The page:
Pearlfishers Sky Meadows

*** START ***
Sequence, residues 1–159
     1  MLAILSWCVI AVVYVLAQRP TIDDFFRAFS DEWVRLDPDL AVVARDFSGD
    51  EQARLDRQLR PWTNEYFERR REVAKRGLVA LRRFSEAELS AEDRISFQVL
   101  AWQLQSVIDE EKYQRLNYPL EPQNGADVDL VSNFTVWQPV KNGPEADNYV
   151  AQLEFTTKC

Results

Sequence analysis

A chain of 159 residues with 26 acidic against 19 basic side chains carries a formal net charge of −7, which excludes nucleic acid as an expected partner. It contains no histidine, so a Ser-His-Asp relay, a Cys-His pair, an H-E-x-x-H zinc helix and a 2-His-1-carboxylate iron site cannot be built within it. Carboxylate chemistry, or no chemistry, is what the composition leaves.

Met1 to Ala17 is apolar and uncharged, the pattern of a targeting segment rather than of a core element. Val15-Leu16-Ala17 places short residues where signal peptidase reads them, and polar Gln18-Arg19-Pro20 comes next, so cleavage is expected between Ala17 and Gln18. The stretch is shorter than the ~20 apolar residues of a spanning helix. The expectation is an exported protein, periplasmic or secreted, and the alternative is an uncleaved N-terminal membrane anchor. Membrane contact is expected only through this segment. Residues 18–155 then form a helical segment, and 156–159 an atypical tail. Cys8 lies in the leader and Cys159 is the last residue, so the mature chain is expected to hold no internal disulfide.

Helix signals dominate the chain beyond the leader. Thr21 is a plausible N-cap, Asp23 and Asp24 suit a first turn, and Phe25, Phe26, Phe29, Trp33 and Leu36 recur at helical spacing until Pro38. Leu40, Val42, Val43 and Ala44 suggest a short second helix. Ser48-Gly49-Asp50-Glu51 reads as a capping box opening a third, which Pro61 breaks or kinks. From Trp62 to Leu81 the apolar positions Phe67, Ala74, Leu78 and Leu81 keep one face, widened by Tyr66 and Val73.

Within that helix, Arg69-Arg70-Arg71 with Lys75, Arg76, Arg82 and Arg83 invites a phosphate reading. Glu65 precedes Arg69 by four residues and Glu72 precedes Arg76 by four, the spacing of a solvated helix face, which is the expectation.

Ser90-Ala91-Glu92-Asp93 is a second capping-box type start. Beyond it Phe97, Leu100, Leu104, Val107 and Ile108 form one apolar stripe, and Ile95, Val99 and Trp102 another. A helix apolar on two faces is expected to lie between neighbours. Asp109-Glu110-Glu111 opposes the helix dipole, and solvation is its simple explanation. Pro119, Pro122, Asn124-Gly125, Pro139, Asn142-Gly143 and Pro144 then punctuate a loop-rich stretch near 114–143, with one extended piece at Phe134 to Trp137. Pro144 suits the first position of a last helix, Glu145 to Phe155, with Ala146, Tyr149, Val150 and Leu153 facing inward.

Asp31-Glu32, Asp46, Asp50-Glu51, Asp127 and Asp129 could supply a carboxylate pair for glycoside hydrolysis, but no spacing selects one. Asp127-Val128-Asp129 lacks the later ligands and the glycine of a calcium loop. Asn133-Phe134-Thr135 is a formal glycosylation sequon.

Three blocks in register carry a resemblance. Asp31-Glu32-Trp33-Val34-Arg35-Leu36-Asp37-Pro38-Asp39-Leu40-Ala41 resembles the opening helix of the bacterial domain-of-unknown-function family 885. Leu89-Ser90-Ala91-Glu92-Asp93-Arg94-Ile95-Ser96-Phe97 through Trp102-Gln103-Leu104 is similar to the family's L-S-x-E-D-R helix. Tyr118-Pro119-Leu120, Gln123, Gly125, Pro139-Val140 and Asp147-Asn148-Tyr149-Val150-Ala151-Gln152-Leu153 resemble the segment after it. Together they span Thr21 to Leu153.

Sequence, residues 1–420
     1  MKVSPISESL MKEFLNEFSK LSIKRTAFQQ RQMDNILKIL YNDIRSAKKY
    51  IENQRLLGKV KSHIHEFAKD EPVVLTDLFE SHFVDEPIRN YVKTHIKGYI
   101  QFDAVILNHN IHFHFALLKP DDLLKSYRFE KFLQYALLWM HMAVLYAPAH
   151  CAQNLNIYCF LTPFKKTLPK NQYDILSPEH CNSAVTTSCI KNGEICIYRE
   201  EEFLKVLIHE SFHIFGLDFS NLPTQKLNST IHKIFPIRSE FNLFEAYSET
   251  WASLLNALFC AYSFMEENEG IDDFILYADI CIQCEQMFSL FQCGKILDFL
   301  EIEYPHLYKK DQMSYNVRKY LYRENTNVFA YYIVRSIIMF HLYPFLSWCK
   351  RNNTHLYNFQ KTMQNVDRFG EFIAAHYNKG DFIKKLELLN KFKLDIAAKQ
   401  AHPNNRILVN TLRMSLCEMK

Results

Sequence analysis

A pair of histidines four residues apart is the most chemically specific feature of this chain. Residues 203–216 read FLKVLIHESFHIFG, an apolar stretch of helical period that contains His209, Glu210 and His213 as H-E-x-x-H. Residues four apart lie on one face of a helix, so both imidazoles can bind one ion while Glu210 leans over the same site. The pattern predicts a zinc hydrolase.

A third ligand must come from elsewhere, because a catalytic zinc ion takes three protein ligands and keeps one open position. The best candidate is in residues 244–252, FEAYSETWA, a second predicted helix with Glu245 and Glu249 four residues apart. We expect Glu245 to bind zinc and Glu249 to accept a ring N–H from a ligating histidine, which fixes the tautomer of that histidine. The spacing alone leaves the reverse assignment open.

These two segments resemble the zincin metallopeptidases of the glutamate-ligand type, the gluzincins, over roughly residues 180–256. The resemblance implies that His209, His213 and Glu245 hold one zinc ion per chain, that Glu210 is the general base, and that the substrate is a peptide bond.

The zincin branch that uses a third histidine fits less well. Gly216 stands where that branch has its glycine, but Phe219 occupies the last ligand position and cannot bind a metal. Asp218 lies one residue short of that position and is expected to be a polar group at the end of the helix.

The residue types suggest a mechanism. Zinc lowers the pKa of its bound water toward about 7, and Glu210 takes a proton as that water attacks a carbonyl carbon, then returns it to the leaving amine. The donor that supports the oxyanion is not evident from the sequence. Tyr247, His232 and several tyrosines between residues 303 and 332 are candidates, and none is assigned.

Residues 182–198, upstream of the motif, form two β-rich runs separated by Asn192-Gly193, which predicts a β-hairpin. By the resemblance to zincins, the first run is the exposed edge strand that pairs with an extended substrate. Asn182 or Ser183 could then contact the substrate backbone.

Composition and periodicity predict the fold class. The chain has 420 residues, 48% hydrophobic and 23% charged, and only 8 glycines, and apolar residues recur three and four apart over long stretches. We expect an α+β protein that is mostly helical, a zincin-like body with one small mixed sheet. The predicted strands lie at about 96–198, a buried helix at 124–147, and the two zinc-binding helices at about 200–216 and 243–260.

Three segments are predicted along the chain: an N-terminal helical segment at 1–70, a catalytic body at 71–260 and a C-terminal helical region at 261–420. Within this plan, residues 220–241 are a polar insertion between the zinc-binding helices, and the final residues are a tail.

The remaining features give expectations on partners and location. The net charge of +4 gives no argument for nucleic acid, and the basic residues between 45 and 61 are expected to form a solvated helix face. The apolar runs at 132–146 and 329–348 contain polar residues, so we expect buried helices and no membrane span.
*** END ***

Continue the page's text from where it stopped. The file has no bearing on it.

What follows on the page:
Sky Meadows begins by welcoming a newborn into the world and ends using the transience of a touring carnival as a metaphor for the passing of youth. The Pearlfishers’ David Scott has been threatening for years to assume the crown of Most Benevolent Man in Pop, and here, on the band’s fourth album, he takes his newly acquired headdress and goes to town. Scott is an avowed student of early ’70s AM radio pop — a time when the sentimentality of Paul McCartney and Bread was rightly perceived as a testament to assumed manliness, rather than a blow against it. Like fellow Scots Teenage Fanclub and BMX Bandits — with whom he often collaborates — he’s learned well, maintaining a tightrope walk between aesthetic reverence and his own thumbprint. So, while "Saddle Sore” might conjure Todd Rundgren aspiring to the wracked melancholy of Brian Wilson and "Haricot Bill and Bean” the epic wistfulness of Jimmy Webb, Sky Meadows ultimately sounds like the Pearlfishers. And it’s a joy. (Marina)